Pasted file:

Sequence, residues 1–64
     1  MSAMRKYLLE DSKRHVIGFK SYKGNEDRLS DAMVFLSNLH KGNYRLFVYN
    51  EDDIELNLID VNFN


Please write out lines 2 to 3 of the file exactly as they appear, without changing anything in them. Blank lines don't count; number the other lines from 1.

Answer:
     1  MSAMRKYLLE DSKRHVIGFK SYKGNEDRLS DAMVFLSNLH KGNYRLFVYN
    51  EDDIELNLID VNFN